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Riding the buses » Cultural travel, Memorable moments, Mexico, Travel itinerary » The art of making Talavera pottery, Puebla, Mexico

The art of making Talavera pottery, Puebla, Mexico

One of the reasons the city of Puebla is so special is because many of its buildings are decorated with talavera tiles, a technique that came from Spain shortly after the city was founded in 1531. Over the years indigenous artists became involved in the process and what evolved became known as Talavera Poblana.

Uriarte Talavera (Riding the buses)

Uriarte Talavera (Riding the buses)

Authentic Talavera pottery is notable for its expertly applied paint that has a raised appearance and for its glossy sheen. Puebla is the largest producer of this type of ceramics in the world–not only tiles but dish ware and decorative pieces–and the technique has basically remained the same since the colonial period.

Earlier this year I visited a factory that has been making these ceramics since 1824. Uriarte Talavera is the 8th oldest company in all of Mexico and the “oldest, biggest and most prestigious talavera manufacturer in the world.” The factory is located in a historic colonial style home at 4 Poniente #911.

Each piece that comes out of the factory is 100% handmade by master craftspeople according to traditional manufacturing practices.

Preparation of the mud

Making the clay (Riding the buses)

Making the clay (Riding the buses)

An equal amount of natural white and black clay is used. It is tossed, washed and filtered.

Forming the clay into objects and first firing

Molding and first bake (Riding the buses)

Molding and first bake (Riding the buses)

The clay is moulded on a potter’s wheel. Each piece has to be made a little bigger because it will shrink when it dries. The moulded piece is left to dry for 2 – 3 weeks, and then baked in a kiln for 8 hours at 850°c. At the end of this stage it is an orange colour.

Sanding and glazing

Sanding and glazing (Riding the buses)

Sanding and glazing (Riding the buses)

Each piece is lightly tapped to see if it sounds hollow, which would mean it is broken inside. Those that pass the test are numbered and sanded to remove any imperfections.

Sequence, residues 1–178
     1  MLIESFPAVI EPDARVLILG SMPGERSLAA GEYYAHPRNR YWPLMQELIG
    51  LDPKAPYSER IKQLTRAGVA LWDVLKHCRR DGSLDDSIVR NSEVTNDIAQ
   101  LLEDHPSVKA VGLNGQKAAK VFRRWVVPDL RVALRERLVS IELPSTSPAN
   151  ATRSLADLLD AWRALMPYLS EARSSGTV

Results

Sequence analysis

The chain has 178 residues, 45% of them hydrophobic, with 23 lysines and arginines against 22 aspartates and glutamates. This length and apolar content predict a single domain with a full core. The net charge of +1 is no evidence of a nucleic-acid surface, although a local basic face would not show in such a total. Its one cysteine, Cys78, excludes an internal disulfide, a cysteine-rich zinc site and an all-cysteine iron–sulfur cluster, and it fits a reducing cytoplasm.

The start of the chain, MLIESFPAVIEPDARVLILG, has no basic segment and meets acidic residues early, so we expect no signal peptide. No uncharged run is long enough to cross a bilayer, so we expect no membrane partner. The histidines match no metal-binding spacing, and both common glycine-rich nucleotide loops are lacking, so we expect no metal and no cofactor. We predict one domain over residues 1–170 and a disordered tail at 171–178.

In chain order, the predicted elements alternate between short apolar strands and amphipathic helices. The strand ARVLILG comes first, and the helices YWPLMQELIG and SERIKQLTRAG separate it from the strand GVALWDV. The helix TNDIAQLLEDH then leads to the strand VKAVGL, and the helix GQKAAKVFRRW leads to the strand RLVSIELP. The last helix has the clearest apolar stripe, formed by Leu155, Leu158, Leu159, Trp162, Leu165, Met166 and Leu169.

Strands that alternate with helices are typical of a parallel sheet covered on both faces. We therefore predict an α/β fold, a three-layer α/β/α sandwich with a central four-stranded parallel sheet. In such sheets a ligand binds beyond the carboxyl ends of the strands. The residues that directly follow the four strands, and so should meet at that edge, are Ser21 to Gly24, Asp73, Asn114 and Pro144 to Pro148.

The next stage is very important because the piece is immersed in enamel, which gives it the brightness and unique colour that brands it as authentic talavera. The piece is now white. Excess enamel is removed and then it’s polished to remove any flaws.

Each piece is marked: name, logo and origin of manufacturer, state, country, # of person doing the enamelling and painting, and the special hologram that certifies the piece’s authenticity, DO4.

Design, painting and second bake

Blue was once considered to be the 'best' colour; now many are used (Riding the buses)

Blue was once considered to be the ‘best’ colour; now many are used (Riding the buses)

It was fascinating to watch the artists design and paint the pieces. Only natural earth pigments are used for the colours: cobalt blue, yellow, black, light blue, green and orange.

Drawing the design (Riding the buses)

Drawing the design (Riding the buses)

Then the piece is baked a second time, for 10 hours at 1050°c to harden the glaze and bring the colours to life.

Artists at work (Riding the buses)

Artists at work (Riding the buses)

For me, it is worth going to Puebla just to buy some of this exquisite pottery. If a piece seems a little pricy, remember that it can take it can take up to 3 to 4 months to make and many are broken in the process. I would love to buy a complete dinner set or a mural but this time I added a coffee mug to my collection of vases. You can even have your pieces customized.

I was given an excellent tour of the factory in English for a small fee. Well worth it.

By Sylvia Fanjoy

Photo credits Sylvia Fanjoy

© Riding the buses 2014

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